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QuickView for Bromocriptine (compound)

Name: Bromocriptine
PubChem Compound ID: 2443
Description: A semisynthetic ergotamine alkaloid that is a dopamine D2 agonist. It suppresses prolactin secretion.
Molecular formula: C32H40BrN5O5
Molecular weight: 654.595 g/mol
Ergotaman-3',6',18-trione, 2-bromo-12'-hydroxy-2'-(1-methylethyl)-5'-(2-methylpropyl)-, (5'.alpha.)-; Bromocriptine
Name: Bromocriptine
Name (isomeric): DB01200
Drug Type: small molecule
Description: A semisynthetic ergotamine alkaloid that is a dopamine D2 agonist. It suppresses prolactin secretion.
Bromocryptine; Bromocriptinum [INN-Latin]; Bromoergocryptine; Bromergocryptine; Bromocryptine Mesylate; Bromoergocriptine; Bromocriptine Methanesulfonate; Bromocriptina [INN-Spanish]; Bromocriptine Mesylate; Bromocriptin
Brand: Bagren, Apo-Bromocriptine, Alti-Bromocriptine, Parlodel Snaptabs, Parlodel, Pravidel, Ergoset
Category: Antidyskinetics, Hormone Antagonists, Antiparkinson Agents, Dopamine Agonists
CAS number: 25614-03-3
Indication: For the treatment of galactorrhea due to hyperprolactinemia, prolactin-dependent menstrual disorders and infertility, prolactin-secreting adenomas, prolactin-dependent male hypogonadism, as adjunct therapy to surgery or radiotherapy for acromegaly or as monotherapy is special cases, as monotherapy in early Parksinsonian Syndrome or as an adjunct with levodopa in advanced cases with motor complications. Bromocriptine has also been used off-label to treat restless legs syndrome and neuroleptic malignant syndrome.
Bromocriptine stimulates centrally-located dopaminergic receptors resulting in a number of pharmacologic effects. Five dopamine receptor types from two dopaminergic subfamilies have been identified. The dopaminergic D1 receptor subfamily consists of D1 and D5 subreceptors, which are associated with dyskinesias. The dopaminergi...
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Mechanism of Action:
The dopamine D2 receptor is a 7-transmembrane G-protein coupled receptor associated with Gi proteins. In lactotrophs, stimulation of dopamine D2 receptor causes inhibition of adenylyl cyclase, which decreases intracellular cAMP concentrations and blocks IP3-dependent release of Ca2+ from intracellular sto...
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Absorption: Approximately 28% of the oral dose is absorbed; however due to a substantial first pass effect, only 6% of the oral dose reaches the systemic circulation unchanged. Bromocriptine and its metabolites appear in the blood as early as 10 minutes following oral administration and peak plasma concentration are reached within 1-1.5 hours. Serum prolactin may be decreased within 2 hours or oral administration with a maximal effect achieved after 8 hours. Growth hormone concentrations in patients with acromegaly is reduced within 1-2 hours with a single oral dose of 2.5 mg and decreased growth hormone concentrations persist for at least 4-5 hours.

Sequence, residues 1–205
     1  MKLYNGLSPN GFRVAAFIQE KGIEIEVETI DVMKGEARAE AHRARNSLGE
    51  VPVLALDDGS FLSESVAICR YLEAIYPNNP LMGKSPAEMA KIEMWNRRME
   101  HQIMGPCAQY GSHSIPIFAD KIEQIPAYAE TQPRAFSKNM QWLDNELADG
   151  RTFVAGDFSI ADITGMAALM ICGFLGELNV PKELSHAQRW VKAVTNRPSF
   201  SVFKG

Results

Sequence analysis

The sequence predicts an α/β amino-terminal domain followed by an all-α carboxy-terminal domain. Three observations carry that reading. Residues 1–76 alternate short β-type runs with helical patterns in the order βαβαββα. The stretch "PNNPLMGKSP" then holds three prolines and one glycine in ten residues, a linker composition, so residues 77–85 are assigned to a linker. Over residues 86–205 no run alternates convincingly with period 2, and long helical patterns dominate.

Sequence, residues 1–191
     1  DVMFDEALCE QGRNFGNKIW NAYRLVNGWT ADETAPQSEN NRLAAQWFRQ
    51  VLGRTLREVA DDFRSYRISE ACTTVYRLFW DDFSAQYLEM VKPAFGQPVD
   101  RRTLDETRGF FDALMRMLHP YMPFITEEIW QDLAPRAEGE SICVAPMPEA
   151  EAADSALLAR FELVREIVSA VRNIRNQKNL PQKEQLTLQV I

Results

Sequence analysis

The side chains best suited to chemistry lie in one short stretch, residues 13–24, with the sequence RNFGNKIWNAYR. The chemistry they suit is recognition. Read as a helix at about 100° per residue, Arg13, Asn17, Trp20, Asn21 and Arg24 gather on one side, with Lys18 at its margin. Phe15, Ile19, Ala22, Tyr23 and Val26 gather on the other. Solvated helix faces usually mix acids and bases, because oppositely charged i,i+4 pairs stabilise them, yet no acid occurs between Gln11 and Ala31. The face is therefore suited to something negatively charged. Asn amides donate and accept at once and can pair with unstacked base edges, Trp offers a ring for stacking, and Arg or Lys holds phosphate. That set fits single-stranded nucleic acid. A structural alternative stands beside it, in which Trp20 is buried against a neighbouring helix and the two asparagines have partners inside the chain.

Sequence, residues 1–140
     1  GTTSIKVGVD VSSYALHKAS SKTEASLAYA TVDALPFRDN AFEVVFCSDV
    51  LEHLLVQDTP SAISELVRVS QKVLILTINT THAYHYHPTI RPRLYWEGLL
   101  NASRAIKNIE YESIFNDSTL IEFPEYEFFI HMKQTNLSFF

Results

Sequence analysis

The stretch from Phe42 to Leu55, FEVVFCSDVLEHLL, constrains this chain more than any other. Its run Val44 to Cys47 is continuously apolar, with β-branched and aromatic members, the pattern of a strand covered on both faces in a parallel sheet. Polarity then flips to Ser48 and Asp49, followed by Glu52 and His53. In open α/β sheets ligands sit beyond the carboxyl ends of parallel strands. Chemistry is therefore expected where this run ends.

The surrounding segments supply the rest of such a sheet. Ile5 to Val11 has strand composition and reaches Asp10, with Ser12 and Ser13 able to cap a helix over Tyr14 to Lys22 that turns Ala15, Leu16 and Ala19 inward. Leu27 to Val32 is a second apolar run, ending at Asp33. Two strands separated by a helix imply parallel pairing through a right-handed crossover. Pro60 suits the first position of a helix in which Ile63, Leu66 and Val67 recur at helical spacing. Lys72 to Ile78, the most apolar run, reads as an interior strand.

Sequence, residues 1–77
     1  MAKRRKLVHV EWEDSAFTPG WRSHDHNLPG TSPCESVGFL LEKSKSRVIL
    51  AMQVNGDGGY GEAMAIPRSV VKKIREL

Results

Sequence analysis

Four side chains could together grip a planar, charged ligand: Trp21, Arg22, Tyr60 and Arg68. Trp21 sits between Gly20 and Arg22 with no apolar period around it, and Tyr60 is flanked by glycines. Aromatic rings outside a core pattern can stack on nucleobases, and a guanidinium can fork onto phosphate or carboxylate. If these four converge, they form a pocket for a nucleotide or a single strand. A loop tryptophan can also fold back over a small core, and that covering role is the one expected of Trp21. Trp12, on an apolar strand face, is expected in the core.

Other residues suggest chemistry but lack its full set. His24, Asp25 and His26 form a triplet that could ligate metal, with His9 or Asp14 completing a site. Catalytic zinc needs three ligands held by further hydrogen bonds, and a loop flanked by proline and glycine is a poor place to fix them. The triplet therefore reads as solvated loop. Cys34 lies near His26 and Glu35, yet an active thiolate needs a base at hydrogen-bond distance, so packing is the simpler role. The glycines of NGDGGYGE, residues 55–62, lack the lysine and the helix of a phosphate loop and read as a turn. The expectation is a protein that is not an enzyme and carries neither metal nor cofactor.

Protein binding: 90-96% bound to serum albumin
Biotransformation: Completely metabolized by the liver, primarily by hydrolysis of the amide bond to produce lysergic acid and a peptide fragment, both inactive and non-toxic. Bromocriptine is metabolized by cytochrome P450 3A4 and excreted primarily in the feces via biliary secretion.
Route of elimination: Parent drug and metabolites are almost completely excreted via the liver, and only 6% eliminated via the kidney.
Half Life: 2-8 hours
Toxicity: Symptoms of overdosage include nausea, vomiting, and severe hypotension. The most common adverse effects include nausea, headache, vertigo, constipation, light-headedness, abdominal cramps, nasal congestion, diarrhea, and hypotension.
Affected organisms: Humans and other mammals
Food interaction:
Avoid alcohol.
Take with food to reduce irritation.
Drug interaction:
ZolmitriptanConcomitant use of the serotonin 5-HT1D receptor agonist, zolmitriptan, and the ergot derivative, bromocriptine, may result in additive vasoconstrictive effects. Concomitant use within 24 hours is contraindicated. Use of two serotonin modulators, such as zolmitriptan and bromocriptine, increases the risk of serotonin syndrome. Consider alternate therapy or monitor for serotonin syndrome during concomitant therapy.
PerphenazineThe phenothiazine decreases the effect of bromocriptine
MesoridazineThe phenothiazine decreases the effect of bromocriptine
PaliperidoneThe atypical antipsychotic agent, paliperidone, may decrease the therapeutic effect of the anti-Parkinson's agent, bromocriptine. This interaction may be due to the dopamine antagonist properties of paliperidone. Consider an alternate antipsychotic in those with Parkinson's disease or consider using clozapine or quetiapine if an atypical antipsychotic is necessary.
TramadolIncreased risk of serotonin syndrome. Monitor for symptoms of serotonin syndrome.
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